Apple is treating the case involving its lost-then-recovered iPhone 4G prototype as theft and vandalism, and not just a simple lost-and-found situation, according to court documents related to the search warrant issued to search the home of Jason Chen, the Gizmodo editor who first posted images and videos of the device.
The publication of those images and videos were “immensely damaging” to Apple because of the potential lose of sales of current versions of the iPhone, Apple told investigators.
The search warrant is related to the loss of a prototype iPhone 4G device by an Apple employee in March. The device was sold to the online tech publication Gizmodo, where Chen subsequently took it apart to show videos and photos.
In the search warrant, a copy of which can be read on the Scribd Website, a San Mateo County, Calif. Superior Court Judge authorized police to search Chen’s home for evidence related to buying or receiving stolen property, theft, and malicious damage of other peoples’ property.
All those charges are considered felons.
Evidence to be searched for and seized, according to the search warrant, included computer systems, digital storage devices, and digital and printed documents related to the case.
The search warrant was executed based on the investigation of Matthew Broad, a detective with the San Mateo County Sherriff’s Office and a member of the Rapid Enforcement Allied Computer Team, or REACT.
Broad wrote that he met on April 20 with Apple representatives who said that an Apple employee named Robert Gray Powell lost the device at a restaurant in Redwood City, Calif. on or about March 25.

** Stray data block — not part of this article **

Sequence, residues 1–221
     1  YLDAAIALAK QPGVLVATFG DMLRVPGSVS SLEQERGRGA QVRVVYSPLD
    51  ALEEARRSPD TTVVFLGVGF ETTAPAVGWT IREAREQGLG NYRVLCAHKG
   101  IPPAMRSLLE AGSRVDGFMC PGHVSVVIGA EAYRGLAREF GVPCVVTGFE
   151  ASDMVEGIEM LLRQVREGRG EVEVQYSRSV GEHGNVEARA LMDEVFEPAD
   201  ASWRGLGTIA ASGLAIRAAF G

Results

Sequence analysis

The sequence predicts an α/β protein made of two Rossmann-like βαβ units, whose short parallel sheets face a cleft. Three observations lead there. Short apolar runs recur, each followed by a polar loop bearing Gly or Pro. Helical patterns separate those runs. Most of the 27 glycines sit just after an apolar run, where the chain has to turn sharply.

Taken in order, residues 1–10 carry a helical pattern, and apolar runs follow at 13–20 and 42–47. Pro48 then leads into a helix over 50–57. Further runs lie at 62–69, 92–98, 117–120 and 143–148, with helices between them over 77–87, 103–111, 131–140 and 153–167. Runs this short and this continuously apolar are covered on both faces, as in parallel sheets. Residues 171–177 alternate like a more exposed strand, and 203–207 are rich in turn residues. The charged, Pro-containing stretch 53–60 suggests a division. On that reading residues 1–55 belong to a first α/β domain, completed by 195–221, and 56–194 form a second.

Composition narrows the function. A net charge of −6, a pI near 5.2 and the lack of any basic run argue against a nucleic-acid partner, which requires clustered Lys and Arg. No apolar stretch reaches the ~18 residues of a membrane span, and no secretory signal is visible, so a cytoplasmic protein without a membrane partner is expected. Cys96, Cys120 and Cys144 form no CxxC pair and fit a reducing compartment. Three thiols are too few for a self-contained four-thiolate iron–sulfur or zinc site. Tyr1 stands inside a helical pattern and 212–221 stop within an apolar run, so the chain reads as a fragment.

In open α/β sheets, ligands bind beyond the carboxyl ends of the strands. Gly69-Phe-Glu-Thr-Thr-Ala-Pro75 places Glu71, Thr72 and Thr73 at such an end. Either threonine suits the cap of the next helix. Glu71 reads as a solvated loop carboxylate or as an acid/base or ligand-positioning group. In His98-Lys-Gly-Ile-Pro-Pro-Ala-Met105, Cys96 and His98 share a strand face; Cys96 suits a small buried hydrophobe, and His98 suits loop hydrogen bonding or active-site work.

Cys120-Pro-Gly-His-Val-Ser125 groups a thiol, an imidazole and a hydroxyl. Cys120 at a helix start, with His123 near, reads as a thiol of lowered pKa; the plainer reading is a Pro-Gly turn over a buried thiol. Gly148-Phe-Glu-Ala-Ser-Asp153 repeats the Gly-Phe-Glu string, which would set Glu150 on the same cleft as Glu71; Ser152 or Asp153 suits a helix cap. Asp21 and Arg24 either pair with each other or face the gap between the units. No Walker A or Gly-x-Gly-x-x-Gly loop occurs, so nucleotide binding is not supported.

The Apple representatives said the iPhone 4G was “invaluable” and that the publication of the images is “immensely damaging” to Apple, Broad wrote. “By publishing details about the phone and its features, sales of current Apple products are hurt wherein people that would have otherwise purchased a currently existing Apple product would wait for the next item to be released,” he wrote, citing his conversation with the representatives.
The charge of vandalism stems from the appearance of the iPhone 4G when returned to Apple, where employees found it could not be powered up, and that it had a broken ribbon cable, a screw which was put in wrong and caused a short circuit, broken back plate snaps, and stripped screws, Broad wrote.
The finder of the device was identified as Brian Hogan by a roommate who contacted police. That roommate said Hogan knew the device was not a typical iPhone and that he used Facebook to identify the person who lost it as Powell, Broad wrote.
The roommate said Hogan was aware that it could be sold to one of several IT publications, and that he said he was offered $10,000 by Gizmodo. The roommate also said she and other friends tried to persuade Hogan to not sell the device because it might ruin Powell’s career.
Broad also described efforts by Hogan and others to scatter evidence related to the loss of the device, and how he was able to recover that evidence, including Hogan’s computer, a thumb drive, a flash card, and the Apple iPhone prototype stickers.